In her new book Sharron Walker presents the reader important questions about the direction of education today. For example she stipulates that democratic living risks becoming a “habit of mind,” or end product rather than democracy as a living breathing process that needs to be practiced each day, and more importantly taught in our schools each day. It is this very point many educators working in today’s educational environment might argue is not happening. The good teachers and principals Walkers sees as necessary to the survival of democratic education are too often bound by the political wrangling of money and philosophy, typically resorting to the data driven and control models of education. As was her first book Principals as Maverick Leaders, Avoiding the Demise of Democracy is again a must read for aspiring teachers and principals and those already in the schools.
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Product Details

  • ISBN-13: 9781475806236
  • Publisher: Rowman & Littlefield Publishers, Inc.
  • Publication date: 12/10/2013
  • Pages: 192
  • Sales rank: 1,436,447
  • Product dimensions: 6.00 (w) x 8.90 (h) x 0.60 (d)

Meet the Author

Sharron Goldman Walker was a public school teacher and principal for almost four decades. She continues to write books and articles about the practice of democracy in the schoolhouse for the preservation of American freedom.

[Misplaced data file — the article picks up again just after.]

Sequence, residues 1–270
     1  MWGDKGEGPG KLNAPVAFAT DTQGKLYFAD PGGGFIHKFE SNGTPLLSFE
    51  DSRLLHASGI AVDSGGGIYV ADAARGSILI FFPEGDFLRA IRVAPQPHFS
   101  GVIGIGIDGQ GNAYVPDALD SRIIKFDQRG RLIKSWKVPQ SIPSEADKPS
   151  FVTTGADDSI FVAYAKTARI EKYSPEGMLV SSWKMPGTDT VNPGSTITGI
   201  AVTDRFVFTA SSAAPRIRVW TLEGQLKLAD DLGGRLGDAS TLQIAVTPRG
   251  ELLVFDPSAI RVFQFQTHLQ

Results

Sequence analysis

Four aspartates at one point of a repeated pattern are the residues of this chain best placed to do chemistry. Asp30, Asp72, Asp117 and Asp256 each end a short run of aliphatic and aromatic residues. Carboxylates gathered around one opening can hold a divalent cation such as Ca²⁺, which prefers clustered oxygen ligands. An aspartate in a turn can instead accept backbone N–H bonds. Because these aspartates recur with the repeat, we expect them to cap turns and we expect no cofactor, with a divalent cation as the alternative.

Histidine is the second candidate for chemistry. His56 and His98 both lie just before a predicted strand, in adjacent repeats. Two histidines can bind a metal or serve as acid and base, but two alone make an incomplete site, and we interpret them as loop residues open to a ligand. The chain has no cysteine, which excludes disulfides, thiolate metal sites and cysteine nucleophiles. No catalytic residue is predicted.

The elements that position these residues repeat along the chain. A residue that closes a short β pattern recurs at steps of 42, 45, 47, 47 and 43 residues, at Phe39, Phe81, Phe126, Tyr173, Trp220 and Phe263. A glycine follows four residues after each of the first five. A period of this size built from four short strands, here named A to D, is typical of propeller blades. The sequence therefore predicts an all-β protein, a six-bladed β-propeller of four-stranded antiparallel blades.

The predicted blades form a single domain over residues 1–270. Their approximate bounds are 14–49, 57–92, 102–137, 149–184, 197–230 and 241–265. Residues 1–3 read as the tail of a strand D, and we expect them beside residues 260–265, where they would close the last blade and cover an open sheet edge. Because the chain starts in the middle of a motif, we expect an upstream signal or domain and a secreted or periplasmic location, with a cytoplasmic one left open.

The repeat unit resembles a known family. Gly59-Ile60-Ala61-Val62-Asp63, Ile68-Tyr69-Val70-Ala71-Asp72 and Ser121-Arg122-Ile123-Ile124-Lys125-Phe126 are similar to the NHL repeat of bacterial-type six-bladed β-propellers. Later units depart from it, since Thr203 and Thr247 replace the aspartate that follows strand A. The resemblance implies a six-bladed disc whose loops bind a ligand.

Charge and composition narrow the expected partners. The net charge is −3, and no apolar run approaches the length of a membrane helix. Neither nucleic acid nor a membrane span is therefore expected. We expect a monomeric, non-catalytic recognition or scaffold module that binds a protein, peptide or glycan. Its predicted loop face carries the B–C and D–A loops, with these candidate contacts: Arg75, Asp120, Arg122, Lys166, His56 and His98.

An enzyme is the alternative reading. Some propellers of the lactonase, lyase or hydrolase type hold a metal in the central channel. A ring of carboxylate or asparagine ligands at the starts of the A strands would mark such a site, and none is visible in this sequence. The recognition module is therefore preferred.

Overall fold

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Table of Contents

Introduction

Prologue

Dialogue 1
Just Who Are The Modern Day Goths?
Case Study 1
Teachers Ought Not To Be Governed Like Animals For The Pleasure Of Their Riders
Teacher Trey Pidation recalls the time when he did not sleep in a Procrustean bed.

Dialogue 2
Has Democratic Living Become A Habit Of Mind?

Case Study 2
Democracy Is A Way Of Life That Does Not Come Automatically To Us
Teacher Reed Linkquich learns the practice of democracy.

Dialogue 3
Is Democracy Something Teachers And Principals Do?

Case Study 3
Democracy Is Pragmatic With No Implicit Teaching Formula

Principal Ann Engagement describes the seven periods of teachers.

Dialogue 4
Is Democratic Living Learned Through Osmosis?

Case Study 4
Teachers Who Create Clones Create Principals Who Clone Teachers

Principal Dina Macksy reads from her journals about her cloning process.

Dialogue 5
Is Your Philosophy Of People More Relevant Than Your Philosophy Of Education?

Case Study 5
Who Is The Schoolhouse Really About?

Tyro teacher Dina Macksy meets Goth leadership at a faculty meeting.

Dialogue 6
How Does Control Create Tensions Between The Goths And Democratic Accountability?

Case Study 6
Democracy In Education An Be Practiced By Teachers

Megan Chainges practices democracy and moves into the sixth period of teaching.

Dialogue 7
Are Education And Democracy More About Clouds Than Clouds?

Case Study 7
Democracy In Education Can Be Practiced By Teachers And Principals

Principal Ann Engagement practices democracy and moves into the sixth period of schoolhouse leadership.

Epilogue
Avoiding the Demise of Democracy
References

About the Author